1. Start by reducing your ASM process map to a determistic case (set all task durations to be a single value, eg. 1 day) without any iterations (ie. set rework probabilities on iteration constructs to 0) and without any resource limitations (do not assign resources to tasks, or set up resources in the resource tab of the left pane of the main CAM window so that a very large number are available of each, to avoid constraints). This allows all tasks to be started as soon as their preconditions allow, and allows debugging of the flow logic without complicating the Gantt charts.
  2. Using this simplified model, in most cases you should expect only one possible process to result (ie. 100 simulation runs would produce 100 processes of exactly the same duration)
  3. Use the Gantt chart view obtained by right-clicking a histogram bin in the simulation results to check that the simplified model simulates 'all the way through' - in most cases, all tasks should be executed exactly once. If the simulation is incorrectly structured for simulation, or task properties (especially preconditions) are not correctly configured, some tasks may never be attempted. Others may be repeated (reworked) several times, this is indicated by red bars on the Gantt chart. 
  4. To diagnose rework which happens where none should occur in the simplified model, look for ellipses which have multiple 'inputs' from directly-upstream tasks. This should only happen when the multiple tasks represent different ways of creating the same information - ie. where all but one of the tasks creating the information is a feedback from a 'downstream' iteration construct. In all other cases, the multiple inputs are usually supposed to designate an AND relationship - all the tasks are required to complete before the information in the deliverable is finalised. This MUST be modelled using an additional task which 'integrates' the outputs from the upstream tasks and 'creates' the deliverable.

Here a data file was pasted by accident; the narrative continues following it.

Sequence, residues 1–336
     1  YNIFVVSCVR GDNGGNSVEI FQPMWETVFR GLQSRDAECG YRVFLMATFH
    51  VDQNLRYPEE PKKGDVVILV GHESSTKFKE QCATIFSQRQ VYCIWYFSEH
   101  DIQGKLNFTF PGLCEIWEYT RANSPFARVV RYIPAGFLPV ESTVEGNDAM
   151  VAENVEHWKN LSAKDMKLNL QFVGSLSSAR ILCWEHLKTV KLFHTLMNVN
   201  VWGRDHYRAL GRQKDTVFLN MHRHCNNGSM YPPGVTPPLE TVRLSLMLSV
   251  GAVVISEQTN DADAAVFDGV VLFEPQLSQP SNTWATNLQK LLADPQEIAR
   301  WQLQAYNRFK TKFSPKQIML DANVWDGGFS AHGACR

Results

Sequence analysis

5. Add in one iteration loop at a time and use the Gantt chart to check whether the correct set of tasks are re-attempted when the iteration occurs. Tasks following iteration must be configured with the correct precondition logic so that they are executed at the right time, if iteration occurs or if it does not. Essentially, it is necessary to consider what will happen AFTER iteration occurs. It is usually sufficient to choose from one of two default options provided in the preconditions tab of the task properties dialog: Should the task be triggered as soon as ANY one of its inputs is updated, or should it wait until ALL the inputs are updated? The answer depends on the structure of information flows in the model; typically a task which 'integrates' incoming information, where all the inputs must be updated if the iteration occurs, should be conigured as ALL logic (AND). Others should typically be configured as ANY logic (OR). The appropriate logic for each task can be selected using the radio buttons on the preconditions tab of the task properties dialog.
  6. Be aware that iteration loops that 'overlap' cause complicated flow structures and can require careful debugging to configure correctly. In particular, it is possible to create models with tasks that should behave as ANY under some iteration circumstances, and ALL under others. There are two options for dealing with these: either simplify the structure of the model; or program the behaviour of those tasks using process variables and functions as explained on the page Configure ASM tasks.
  7. Only once you are happy with the execution logic, add the probabilitistic durations, likelihoods of task failure, resource constraints etc.